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Drum It Up! Steel Drum Industry News, Trends, and Issues

Archive for 2003

DOT To Harmonize Salvage Drum Definition

October 7th, 2003 by Howard Skolnik

Filed under: DOT/UN, Salvage Drum

Introduced and adopted at the United Nations, Salvage Drums (defined as Salvage Packagings) are to be used when a shipping container has been damaged, is leaking, or is packaged in a manner which is non-compliant with regulatory specifications. Until 2002, damaged or leaking packagings were the only authorized use for Salvage Packagings, but as a result of several in-field incidents, the definition was amended to include non-compliant packagings. Prior to this amendment, a non-compliant package would have to be repackaged at the location of discovery, and repackaging could be a dangerous solution. With the development of HM-215E, the US DOT overlooked the inclusion of this amendment in the CFR and will be addressing it at the upcoming notice of proposed rulemaking. Until this is addressed. Salvage Packagings within the US are not to be used for non-compliant packagings.

DOT Stepping Up On Illegal Hazmat Shipments

October 7th, 2003 by Howard Skolnik

Filed under: DOT/UN, HazMat

The US Department of Transportation (DOT) is cracking down on illegal shipments of hazardous cargo that officials say could lead to accidents, or be used by terrorists. More than 1.5 billion tons of hazardous cargos are shipped nationwide each year by air, rail, sea and land. These include flammable liquids, pressurized gases, explosives, poisons and radioactive material. The government crackdown will target shippers who hide dangerous materials in otherwise safe cargo, obtain fraudulent licenses to carry hazardous materials, or violate a variety of safe transportation practices. Shipping these materials illegally heightens the dangers posed by an accident; particularly since firefighters and other first responders would be unaware of the substances presence.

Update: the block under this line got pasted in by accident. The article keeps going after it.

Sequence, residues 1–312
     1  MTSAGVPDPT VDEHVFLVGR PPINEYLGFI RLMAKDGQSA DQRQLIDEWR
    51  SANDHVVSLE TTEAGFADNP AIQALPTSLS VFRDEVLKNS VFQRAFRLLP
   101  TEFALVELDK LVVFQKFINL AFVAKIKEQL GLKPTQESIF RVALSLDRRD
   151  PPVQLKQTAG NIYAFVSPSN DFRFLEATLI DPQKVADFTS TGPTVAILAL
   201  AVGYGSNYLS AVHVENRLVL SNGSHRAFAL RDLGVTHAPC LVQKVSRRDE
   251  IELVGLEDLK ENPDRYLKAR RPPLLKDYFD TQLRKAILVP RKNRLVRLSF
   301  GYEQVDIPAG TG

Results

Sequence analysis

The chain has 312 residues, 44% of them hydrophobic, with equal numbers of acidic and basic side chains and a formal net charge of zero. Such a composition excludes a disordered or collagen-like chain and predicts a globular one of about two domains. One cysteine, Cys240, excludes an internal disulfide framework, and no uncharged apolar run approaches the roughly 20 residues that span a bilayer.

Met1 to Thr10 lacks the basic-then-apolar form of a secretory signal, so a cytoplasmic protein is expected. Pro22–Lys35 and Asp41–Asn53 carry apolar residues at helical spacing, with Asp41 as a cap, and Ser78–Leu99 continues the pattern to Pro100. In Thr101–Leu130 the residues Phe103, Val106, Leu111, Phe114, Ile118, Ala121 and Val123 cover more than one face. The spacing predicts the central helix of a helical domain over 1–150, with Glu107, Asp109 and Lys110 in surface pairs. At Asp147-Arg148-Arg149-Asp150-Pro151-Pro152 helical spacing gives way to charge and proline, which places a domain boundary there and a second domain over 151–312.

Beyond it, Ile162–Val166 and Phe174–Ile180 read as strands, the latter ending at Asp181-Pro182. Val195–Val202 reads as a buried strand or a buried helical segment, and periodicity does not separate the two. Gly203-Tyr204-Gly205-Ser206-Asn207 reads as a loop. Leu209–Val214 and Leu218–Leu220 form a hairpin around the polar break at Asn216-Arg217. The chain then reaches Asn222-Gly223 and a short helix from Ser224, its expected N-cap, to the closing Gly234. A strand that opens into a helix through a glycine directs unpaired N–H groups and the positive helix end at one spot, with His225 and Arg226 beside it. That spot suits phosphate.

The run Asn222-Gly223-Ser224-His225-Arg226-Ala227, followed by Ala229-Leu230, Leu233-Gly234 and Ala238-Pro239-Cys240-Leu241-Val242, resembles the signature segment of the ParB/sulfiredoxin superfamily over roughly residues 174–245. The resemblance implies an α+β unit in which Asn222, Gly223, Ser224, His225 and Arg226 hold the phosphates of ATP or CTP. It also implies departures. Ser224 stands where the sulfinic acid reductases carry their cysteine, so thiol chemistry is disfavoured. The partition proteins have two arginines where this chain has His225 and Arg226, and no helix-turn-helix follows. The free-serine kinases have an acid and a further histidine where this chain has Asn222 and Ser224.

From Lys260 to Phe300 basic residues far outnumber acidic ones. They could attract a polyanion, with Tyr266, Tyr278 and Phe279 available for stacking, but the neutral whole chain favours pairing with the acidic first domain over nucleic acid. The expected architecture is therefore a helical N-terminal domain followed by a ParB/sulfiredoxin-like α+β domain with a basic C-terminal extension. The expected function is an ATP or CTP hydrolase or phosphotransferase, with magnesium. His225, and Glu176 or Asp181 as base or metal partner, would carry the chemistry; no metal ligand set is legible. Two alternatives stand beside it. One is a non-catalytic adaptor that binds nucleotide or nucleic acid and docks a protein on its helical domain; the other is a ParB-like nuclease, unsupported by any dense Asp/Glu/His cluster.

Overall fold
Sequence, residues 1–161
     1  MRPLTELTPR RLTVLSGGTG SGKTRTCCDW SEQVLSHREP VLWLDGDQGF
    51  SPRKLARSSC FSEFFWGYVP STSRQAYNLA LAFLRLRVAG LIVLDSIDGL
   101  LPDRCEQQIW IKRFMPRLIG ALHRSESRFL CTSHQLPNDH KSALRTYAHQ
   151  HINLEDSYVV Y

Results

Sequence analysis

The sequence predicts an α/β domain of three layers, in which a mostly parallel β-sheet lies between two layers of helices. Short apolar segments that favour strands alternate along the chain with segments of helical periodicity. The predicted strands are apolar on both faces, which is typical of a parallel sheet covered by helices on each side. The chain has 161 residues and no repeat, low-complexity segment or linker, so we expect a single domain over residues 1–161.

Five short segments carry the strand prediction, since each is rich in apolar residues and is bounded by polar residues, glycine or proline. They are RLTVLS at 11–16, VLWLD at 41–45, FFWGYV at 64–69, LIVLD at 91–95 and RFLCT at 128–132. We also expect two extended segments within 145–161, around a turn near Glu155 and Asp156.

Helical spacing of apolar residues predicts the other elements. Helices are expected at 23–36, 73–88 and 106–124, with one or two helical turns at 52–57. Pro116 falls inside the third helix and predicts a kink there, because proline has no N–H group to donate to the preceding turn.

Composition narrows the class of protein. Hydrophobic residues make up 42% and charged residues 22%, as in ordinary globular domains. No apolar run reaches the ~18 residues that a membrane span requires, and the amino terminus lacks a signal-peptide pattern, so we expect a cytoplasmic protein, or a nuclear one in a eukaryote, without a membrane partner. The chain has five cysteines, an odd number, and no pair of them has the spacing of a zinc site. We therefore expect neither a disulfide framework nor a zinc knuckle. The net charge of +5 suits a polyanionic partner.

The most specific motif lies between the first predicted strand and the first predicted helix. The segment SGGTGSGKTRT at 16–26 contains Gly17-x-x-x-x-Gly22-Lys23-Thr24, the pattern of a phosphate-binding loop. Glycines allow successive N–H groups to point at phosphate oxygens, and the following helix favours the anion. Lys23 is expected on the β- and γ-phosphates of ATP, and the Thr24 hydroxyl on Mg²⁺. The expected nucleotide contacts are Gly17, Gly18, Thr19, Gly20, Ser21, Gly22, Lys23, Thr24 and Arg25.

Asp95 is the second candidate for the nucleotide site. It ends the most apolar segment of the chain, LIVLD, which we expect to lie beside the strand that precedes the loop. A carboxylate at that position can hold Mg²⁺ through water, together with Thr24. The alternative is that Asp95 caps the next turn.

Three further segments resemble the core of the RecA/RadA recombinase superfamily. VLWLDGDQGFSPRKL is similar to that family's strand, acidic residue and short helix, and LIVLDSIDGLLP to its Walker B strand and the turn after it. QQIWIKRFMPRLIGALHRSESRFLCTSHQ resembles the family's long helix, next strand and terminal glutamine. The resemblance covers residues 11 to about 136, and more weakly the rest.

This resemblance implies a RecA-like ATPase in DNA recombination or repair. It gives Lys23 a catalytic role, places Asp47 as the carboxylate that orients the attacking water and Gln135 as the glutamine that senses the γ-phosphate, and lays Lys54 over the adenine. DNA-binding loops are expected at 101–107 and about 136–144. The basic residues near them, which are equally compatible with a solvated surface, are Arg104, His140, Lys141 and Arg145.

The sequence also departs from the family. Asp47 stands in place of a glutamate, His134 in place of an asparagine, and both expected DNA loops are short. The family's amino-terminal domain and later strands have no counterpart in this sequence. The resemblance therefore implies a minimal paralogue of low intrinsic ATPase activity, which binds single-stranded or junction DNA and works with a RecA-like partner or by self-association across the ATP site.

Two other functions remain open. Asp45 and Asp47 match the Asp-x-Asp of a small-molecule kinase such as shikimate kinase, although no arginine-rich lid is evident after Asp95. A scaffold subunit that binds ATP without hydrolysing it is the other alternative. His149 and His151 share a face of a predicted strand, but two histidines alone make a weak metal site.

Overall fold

DOT Awards $12.8 Million In Hazmat Business Grants

October 7th, 2003 by Howard Skolnik

Filed under: DOT/UN, HazMat

The U.S. DOT‘s Research and Special Programs Administration (RSPA) has made funds available under the Hazardous Materials Emergency Preparedness (HMEP) Grants Program.A total of $12.8 million in grants to states, territories and Native American tribes was set aside for planning and training for improved response to hazardous materials incidents. The six largest grants were awarded to California, $964,316; Texas, $668,460; Illinois, $612,982; Ohio, $510,751; New York, $470,968; and Florida, $453,407.The HMEP grants support the development of emergency response strategies tailored to regional needs, and is funded through registration fees paid by shippers and carriers of certain hazardous materials.More than 1 million emergency responders have received training and support under HMEP since the program began in 1993.For more information about the grants and how to apply, contact Gordon.Delcambre@rspa.dot.gov .

Drawings Must Be Provided When Requesting Dimensional Changes

October 7th, 2003 by Howard Skolnik

Filed under: Uncategorized

Recently, a customer requested we manufacture a UN Certified container with a "36 inch inside height." The order was received verbally indicating where and how the measurement was to be taken. In order to demonstrate the necessity of specification drawings, we asked the entire Skolnik staff to illustrate where they would measure this dimension. Some asked, "Is the cover on or off? " Some asked, "Do we measure at the perimeter or the center?" The exercise yielded 5 different measurement interpretations. We provided the customer with a confirming dimensional illustration and as expected, it was different from what the customer intended. Therefore, this exercise clearly indicates that specification drawings must be provided when specifying a dimensional change in the container. If a customer is not able to produce such a drawing, the Skolnik engineering staff will be pleased to provide these documents as a part of the ordering process.